Yet the new had come. The old was passing away. Actually, the language the author of Hebrews uses here should get our attention. For anyone who would try to argue that modern followers of Jesus are at all beholden to anything we find in the old covenant, these words offer an important corrective and perspective shift. Look at what he says again: “By saying a new covenant, he has declared that the first is obsolete. And what is obsolete and growing old is about to pass away.”

A few weeks ago, one of our kids’ iPads broke. It was an accident, but the screen was shattered to the point it was not only unusable, it wasn’t even safe to use because of the risk of getting glass shards in your finger. We were faced with a choice. We could pay to get the screen repaired. A little bit of digging found that was going to be a fairly expensive venture – more than half the cost of a new device to repair a device that was badly out of date. We could buy a new device. While we didn’t reject that out of hand, we weren’t really in the market for that kind of purchase. The third option was to give him my wife’s old phone that we still had around the house from when she upgraded to a new device a few months ago. This option didn’t cost us a thing. It furnished him with a working device that did all of the same things his iPad did. And it gave him the feeling of having a real phone several months before our house rules allowed him to have one which he rather liked. All in all, it was an obvious win-win-win situation. He has a working device, we weren’t out any funds, and we didn’t bend our rules in a way that would have greatly irked his brothers.

I should note, though, that while his new-old phone does everything his iPad did, it does not do everything a normal phone can do. It became obsolete and was replaced with a newer and better device. There’s nothing inherently wrong with the old phone, but it cannot do what its replacement can do. And to expect it to do all the same things is not just silly. It’s delusional. It will leave you disappointed. And if you are really in a place of need, it will fail you spectacularly. The problem then won’t be with the device either. It will be with the expectations you have put on it to do what it is not any longer capable of doing.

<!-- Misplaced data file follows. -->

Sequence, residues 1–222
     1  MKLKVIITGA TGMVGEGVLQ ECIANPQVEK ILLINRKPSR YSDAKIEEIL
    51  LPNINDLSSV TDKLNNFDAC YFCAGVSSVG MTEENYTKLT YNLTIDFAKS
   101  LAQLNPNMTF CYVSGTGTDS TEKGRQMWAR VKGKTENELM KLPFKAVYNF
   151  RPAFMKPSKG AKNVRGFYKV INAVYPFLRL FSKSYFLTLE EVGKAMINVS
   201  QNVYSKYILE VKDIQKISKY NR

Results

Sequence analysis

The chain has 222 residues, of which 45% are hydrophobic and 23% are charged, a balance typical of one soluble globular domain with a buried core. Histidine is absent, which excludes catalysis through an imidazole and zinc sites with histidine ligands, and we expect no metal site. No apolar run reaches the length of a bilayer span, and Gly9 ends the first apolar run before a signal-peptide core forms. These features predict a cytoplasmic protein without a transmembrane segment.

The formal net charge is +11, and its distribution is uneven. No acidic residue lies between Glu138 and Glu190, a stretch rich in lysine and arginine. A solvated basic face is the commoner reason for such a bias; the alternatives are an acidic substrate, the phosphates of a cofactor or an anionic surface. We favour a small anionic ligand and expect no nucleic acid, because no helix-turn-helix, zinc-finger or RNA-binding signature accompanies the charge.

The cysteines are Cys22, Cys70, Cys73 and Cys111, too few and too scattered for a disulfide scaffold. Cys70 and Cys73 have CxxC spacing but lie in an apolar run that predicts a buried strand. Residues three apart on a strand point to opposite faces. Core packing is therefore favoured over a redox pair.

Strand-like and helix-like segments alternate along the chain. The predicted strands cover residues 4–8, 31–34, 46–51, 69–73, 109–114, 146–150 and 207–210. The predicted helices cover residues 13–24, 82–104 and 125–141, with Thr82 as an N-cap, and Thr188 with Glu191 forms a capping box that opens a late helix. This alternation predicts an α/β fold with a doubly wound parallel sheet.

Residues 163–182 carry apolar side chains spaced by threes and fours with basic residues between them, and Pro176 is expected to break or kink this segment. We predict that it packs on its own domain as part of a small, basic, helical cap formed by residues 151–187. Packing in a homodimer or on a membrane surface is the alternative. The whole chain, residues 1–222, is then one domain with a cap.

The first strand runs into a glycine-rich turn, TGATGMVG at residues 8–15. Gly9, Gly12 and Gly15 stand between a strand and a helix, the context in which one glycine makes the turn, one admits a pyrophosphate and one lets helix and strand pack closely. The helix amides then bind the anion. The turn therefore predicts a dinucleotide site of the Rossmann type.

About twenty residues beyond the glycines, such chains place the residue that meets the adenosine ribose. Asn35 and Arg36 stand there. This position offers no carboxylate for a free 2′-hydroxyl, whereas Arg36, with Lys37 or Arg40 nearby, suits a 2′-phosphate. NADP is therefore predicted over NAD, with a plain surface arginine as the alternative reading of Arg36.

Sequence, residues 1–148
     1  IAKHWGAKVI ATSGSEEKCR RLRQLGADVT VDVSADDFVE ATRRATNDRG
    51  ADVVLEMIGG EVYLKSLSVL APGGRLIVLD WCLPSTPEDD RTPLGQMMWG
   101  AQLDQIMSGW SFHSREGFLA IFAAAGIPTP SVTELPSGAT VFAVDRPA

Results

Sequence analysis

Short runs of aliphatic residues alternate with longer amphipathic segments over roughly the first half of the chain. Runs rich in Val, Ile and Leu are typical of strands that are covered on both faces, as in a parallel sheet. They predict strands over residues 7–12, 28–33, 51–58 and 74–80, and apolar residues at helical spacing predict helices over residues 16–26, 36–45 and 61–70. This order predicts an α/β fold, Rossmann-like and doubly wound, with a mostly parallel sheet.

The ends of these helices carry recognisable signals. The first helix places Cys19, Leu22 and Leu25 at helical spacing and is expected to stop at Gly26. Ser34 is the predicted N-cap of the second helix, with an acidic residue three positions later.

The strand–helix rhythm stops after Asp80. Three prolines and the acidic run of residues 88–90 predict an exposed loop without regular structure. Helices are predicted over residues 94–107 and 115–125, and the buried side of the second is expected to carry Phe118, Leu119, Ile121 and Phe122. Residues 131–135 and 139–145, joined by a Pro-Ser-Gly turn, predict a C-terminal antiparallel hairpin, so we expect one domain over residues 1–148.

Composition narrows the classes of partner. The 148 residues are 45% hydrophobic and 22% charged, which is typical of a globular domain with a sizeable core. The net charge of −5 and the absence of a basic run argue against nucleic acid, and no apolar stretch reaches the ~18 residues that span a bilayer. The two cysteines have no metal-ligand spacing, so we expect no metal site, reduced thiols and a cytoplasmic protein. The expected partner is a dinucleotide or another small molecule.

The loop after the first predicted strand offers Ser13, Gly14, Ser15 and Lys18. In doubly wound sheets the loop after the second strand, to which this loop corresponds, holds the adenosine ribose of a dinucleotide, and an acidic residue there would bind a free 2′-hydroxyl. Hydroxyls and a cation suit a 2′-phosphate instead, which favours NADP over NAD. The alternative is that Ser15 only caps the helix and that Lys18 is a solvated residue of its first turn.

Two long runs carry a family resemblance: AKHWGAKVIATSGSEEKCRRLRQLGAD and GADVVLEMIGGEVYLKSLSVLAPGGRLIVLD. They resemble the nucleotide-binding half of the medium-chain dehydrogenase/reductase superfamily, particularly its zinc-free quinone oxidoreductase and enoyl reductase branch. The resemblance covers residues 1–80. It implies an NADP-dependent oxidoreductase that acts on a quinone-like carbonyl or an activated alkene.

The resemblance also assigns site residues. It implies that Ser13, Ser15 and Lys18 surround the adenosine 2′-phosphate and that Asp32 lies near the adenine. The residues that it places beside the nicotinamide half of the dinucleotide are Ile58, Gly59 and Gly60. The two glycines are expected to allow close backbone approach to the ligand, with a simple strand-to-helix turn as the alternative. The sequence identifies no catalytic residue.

This is all a little like the difference between the old and the new covenants God has made with His people. The old covenant was fine. It was good. It did what we needed it to do when we needed that done. But the old covenant is called the “old covenant” for a reason. It has been replaced by the new covenant. The new covenant is not the old covenant. While there are some baseline similarities, it is improved in every way. It has features that were not built into the old one; features we need; features we literally cannot live without. Trying to bring parts of the old into the new or to somehow suggest we need the old in some way in order to get the new right isn’t just wrong, it’s silly. It doesn’t make the first bit of sense. The new may be informed by the old and flows naturally from it, but it’s not dependent on it. The old is obsolete.

If you are a follower of Jesus today, you live under the power and authority of the new covenant He made between us and God through His spilled blood. The old covenant is not your law. It is not your standard. The new covenant is. Don’t try to live through the old. Respect it. Study it. Learn from it. But don’t look to it to do what only the new can. And don’t try to meet with selected standards of the old because the standards of the new are too hard. Be a new covenant person. That’s what you signed up for, so enjoy it for all it’s worth.